Here are some type-level definitions of parity functions written in Idris:

Given some natural number `n`, `Even n` says that there exists a number `half` such that `n` is equal to `half` times two, while `Odd n` says that there exists a number `haf` such that `n` one more than `haf` times two. (These definitions, along with the “haf” terminology, come from The Little Typer.)

`Even n` doesn’t prove that `n` is even, it just makes the claim that it is. A proof of this claim (or equivelently, an instance of the type) takes the form of a dependent pair, a witness together with a proof that the witness satisfies the stated condition. A witness is required because dependently-typed languages like Idris use constructive logic.

It can be proved without too much trouble that the sum of two even numbers is also even:

The type signature there says: given a proof that `j` is even and a proof that `k` is even, produce a proof that `j + k` is even. So we’re given numbers `half_j` and `half_k`, plus proofs that `j = half_j * 2` and `k = half_k * 2`, and the goal is to produce a witness such that `j + k` is equal to the witness times two. The first line in the implementation shows that the witness is the sum of the two halves.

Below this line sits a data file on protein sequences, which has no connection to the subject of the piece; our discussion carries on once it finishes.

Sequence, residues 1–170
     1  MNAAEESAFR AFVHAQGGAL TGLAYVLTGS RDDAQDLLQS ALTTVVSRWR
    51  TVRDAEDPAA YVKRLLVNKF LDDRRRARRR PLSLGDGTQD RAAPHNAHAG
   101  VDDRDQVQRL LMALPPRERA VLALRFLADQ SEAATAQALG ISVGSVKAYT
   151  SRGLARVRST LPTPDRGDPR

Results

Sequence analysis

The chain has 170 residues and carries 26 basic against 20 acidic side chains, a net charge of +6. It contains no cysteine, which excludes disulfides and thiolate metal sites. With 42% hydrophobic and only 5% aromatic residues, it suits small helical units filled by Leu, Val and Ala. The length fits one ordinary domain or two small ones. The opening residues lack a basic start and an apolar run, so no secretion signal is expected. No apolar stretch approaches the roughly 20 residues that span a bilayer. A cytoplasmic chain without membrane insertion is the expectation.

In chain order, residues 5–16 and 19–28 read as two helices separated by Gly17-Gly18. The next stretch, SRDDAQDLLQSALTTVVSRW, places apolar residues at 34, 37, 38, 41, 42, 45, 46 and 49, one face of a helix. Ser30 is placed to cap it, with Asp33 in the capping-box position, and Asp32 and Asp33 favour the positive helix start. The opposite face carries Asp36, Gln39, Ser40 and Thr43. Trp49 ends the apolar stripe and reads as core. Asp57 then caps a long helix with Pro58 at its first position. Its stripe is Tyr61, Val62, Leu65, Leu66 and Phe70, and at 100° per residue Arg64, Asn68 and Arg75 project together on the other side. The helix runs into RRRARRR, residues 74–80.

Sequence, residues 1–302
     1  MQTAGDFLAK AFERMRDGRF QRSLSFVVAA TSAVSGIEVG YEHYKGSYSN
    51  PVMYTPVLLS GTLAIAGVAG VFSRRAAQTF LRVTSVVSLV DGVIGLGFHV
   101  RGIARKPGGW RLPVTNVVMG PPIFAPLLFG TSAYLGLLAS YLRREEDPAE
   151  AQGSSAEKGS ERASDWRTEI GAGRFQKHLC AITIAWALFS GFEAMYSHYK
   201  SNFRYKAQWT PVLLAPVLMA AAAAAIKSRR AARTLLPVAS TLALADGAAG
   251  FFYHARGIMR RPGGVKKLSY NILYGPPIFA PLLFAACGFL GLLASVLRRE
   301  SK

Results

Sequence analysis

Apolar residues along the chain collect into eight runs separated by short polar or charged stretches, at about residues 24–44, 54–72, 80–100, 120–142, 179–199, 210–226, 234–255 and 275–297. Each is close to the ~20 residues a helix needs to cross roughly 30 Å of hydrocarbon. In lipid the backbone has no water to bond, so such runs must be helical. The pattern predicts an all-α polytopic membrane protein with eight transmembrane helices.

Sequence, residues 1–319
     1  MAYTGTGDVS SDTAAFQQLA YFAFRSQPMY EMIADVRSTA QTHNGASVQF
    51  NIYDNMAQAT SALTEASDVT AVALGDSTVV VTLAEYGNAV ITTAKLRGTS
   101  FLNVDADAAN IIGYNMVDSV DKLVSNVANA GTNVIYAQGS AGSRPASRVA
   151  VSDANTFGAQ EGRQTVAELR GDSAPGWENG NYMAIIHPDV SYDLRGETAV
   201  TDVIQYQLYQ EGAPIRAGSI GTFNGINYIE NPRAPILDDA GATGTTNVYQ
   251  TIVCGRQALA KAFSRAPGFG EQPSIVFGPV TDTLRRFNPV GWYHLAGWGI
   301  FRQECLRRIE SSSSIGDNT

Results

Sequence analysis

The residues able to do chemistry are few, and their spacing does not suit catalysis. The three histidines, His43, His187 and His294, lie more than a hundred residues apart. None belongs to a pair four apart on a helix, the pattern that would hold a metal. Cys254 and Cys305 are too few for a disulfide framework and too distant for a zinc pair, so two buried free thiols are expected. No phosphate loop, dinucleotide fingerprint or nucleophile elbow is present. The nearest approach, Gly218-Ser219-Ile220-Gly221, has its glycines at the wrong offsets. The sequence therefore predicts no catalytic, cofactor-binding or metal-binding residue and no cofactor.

The rest of the implementation is the proof, the details of which can be illustrated with a simple example: `6 + 8 = (3 * 2) + (4 * 2) = (3 + 4) * 2`. The last line in the proof, an instance of `multDistributesOverPlusLeft`, is what moves from `(3 * 2) + (4 * 2)` to `(3 + 4) * 2`. It’s not an interesting part of the proof, but it’s needed to appease the type checker.

It can also be proved without too much trouble that the sum of an odd number and an even number is odd:

This proof looks almost exactly like that of `evenPlusEven`, except for an extra line. That line handles the odd one. Another example might make it clear, and again the arithmetic looks almost the same as before: `7 + 8 = 1 + 6 + 8 = 1 + (3 * 2) + (4 * 2) = 1 + (3 * 2) + (4 * 2) = 1 + ((3 + 4) * 2)`.

This is repetitive code, and repetitive code is bad. In particular, the repeated invocation of the low-level number-shuffler `multDistributesOverPlusLeft` grates. That work was done before, so why do it again?

There is a better way. First, observe that any odd number is the successor of an even number:

Then, instead of proving `oddPlusEven` from scratch, extract an even number from the odd and then add it to the other even number using the already-proved `evenPlusEven`:

To my taste, this is a nicer proof. The initial proof arguments are passed intact into other functions rather than being destructured, a sign that computation is taking place elsewhere. Everything is at the appropriate level of abstraction, and there is no annoying algebra to deal with.

Maybe it’s an obvious point, but I haven’t seen it discussed anywhere, so I’ll make it plain: dependently-typed proofs are code, and repetitive code is bad, so repetitive dependently-typed proofs are bad.